HELPFUL TIP: Instead of just informing someone of their approval status, give them more information on what to do next. All borrowers should be contacted by their loan officer as soon as possible, and if they are approved, arrangements should be made for closing. If they aren't approved, be sure to thank them for their loan application, give them some insight as to why they weren't approved, and then offer information on how they can improve their financial standing and gain your approval in the future.
This is a very critical phase and the area of most concern for financial institutions because this is where the risk lies that your borrower will choose another option for financing their vehicle. Losing the loan here means more than just losing a customer—it also means losing the opportunity to earn non-interest income from ancillary loan protection products.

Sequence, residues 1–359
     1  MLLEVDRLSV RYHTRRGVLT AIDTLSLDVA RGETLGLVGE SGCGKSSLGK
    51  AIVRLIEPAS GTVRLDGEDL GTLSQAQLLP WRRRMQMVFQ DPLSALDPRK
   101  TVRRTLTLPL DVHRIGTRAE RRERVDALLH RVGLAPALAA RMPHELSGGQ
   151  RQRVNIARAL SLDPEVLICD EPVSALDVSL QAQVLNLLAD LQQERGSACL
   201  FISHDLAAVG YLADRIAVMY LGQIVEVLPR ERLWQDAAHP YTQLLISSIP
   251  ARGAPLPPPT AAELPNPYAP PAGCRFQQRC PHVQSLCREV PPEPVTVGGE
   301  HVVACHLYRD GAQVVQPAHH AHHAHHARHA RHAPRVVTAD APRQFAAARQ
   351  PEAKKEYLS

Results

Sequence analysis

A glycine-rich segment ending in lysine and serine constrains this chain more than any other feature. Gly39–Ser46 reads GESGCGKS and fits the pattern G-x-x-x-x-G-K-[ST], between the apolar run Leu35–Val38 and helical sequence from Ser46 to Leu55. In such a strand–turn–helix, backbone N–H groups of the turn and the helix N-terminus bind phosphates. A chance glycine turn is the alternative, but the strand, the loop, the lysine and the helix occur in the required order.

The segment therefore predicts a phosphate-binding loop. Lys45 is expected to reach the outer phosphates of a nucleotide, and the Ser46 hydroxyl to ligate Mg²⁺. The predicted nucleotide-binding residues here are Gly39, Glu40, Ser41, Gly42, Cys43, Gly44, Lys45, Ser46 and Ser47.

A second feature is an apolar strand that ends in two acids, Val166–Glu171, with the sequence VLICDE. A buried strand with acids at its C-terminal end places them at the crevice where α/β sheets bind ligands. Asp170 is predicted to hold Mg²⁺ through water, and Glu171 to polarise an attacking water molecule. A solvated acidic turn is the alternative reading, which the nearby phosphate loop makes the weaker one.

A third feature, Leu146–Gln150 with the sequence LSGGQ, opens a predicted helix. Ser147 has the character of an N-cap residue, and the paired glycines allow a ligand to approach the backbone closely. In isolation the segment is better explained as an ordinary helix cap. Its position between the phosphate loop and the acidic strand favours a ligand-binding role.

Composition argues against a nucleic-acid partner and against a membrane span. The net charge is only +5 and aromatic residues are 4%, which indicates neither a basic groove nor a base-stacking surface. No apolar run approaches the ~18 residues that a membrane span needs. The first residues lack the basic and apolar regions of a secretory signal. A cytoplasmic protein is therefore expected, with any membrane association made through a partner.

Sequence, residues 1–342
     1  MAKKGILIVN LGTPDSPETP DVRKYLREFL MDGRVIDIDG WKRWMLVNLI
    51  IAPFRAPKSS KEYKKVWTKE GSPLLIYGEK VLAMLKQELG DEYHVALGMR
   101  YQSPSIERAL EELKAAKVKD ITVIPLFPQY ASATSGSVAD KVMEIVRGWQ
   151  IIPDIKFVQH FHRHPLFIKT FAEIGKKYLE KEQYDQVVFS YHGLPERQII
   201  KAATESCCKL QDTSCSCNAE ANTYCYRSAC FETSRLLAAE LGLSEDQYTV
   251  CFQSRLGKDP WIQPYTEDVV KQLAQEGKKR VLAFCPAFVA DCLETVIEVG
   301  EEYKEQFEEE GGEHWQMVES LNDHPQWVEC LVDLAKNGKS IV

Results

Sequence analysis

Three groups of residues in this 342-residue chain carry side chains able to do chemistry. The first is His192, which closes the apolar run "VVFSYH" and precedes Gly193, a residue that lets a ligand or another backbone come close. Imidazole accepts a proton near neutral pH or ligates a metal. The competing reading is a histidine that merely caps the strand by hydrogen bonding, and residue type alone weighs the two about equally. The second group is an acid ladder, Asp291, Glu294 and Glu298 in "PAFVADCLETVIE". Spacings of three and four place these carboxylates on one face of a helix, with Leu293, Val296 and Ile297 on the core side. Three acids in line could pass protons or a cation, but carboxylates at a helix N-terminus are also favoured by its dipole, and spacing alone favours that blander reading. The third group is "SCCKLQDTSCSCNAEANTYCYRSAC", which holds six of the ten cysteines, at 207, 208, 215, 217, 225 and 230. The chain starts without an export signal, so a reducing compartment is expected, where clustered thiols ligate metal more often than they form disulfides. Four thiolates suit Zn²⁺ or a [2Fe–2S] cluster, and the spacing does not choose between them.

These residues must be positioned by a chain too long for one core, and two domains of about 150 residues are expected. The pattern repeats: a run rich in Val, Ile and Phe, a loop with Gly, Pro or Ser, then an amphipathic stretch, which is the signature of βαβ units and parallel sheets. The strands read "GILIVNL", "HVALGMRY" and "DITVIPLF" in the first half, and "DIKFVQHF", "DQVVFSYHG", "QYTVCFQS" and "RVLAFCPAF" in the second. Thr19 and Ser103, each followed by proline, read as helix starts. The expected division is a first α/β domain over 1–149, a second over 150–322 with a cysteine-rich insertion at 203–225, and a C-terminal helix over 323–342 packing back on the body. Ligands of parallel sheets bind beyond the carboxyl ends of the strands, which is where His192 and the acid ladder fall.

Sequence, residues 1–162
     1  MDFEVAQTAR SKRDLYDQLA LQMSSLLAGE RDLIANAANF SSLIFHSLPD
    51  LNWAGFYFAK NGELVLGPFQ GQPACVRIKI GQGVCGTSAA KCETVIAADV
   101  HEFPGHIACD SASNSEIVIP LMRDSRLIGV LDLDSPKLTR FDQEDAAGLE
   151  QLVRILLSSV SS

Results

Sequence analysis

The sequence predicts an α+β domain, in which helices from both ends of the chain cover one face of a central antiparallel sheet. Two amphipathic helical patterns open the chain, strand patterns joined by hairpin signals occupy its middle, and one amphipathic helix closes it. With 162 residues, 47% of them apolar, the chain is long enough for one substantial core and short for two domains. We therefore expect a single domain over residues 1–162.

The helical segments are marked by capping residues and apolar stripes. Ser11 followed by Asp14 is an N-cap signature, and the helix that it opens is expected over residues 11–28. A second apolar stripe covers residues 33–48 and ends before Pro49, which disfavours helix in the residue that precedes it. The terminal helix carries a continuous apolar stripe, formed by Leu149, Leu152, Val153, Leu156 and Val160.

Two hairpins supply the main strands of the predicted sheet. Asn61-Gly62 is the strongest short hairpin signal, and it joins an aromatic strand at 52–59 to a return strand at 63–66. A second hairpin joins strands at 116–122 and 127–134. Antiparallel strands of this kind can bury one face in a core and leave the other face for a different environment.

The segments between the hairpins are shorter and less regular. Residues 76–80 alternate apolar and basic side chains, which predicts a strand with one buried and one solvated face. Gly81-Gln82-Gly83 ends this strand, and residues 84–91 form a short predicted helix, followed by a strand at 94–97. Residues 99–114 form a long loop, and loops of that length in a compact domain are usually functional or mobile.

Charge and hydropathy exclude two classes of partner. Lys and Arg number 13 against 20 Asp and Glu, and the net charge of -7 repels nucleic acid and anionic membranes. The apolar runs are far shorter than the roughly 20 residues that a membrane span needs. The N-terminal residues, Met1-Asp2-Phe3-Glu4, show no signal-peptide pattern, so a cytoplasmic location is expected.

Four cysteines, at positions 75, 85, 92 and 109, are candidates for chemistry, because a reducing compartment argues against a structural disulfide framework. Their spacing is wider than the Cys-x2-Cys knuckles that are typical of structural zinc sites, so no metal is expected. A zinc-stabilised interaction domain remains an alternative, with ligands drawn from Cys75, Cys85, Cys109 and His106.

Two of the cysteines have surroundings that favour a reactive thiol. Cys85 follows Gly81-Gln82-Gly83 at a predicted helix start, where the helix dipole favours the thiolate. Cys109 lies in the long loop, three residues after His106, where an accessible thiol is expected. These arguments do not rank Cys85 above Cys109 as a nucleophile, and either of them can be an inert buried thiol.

Financial institutions that have the ability to accept electronic signatures close more loans than those that don’t, and tracking funding ratio (“look to book”) can help you understand what loans you’re losing and why. However, offering something of unique value will keep your borrower from going somewhere else.
HELPFUL TIP: A good way to get people to choose your auto loan every time is to make the closing process as quick and easy as possible—not just for your customers, but for your loan officers, too. If they have to go to several websites/applications to get the loan closed and the ancillary products/services ordered, this is a sign that they aren't set up for success, and your borrowers are going to notice. Make sure your loan officers have the tools and resources available to do their job as efficiently as possible.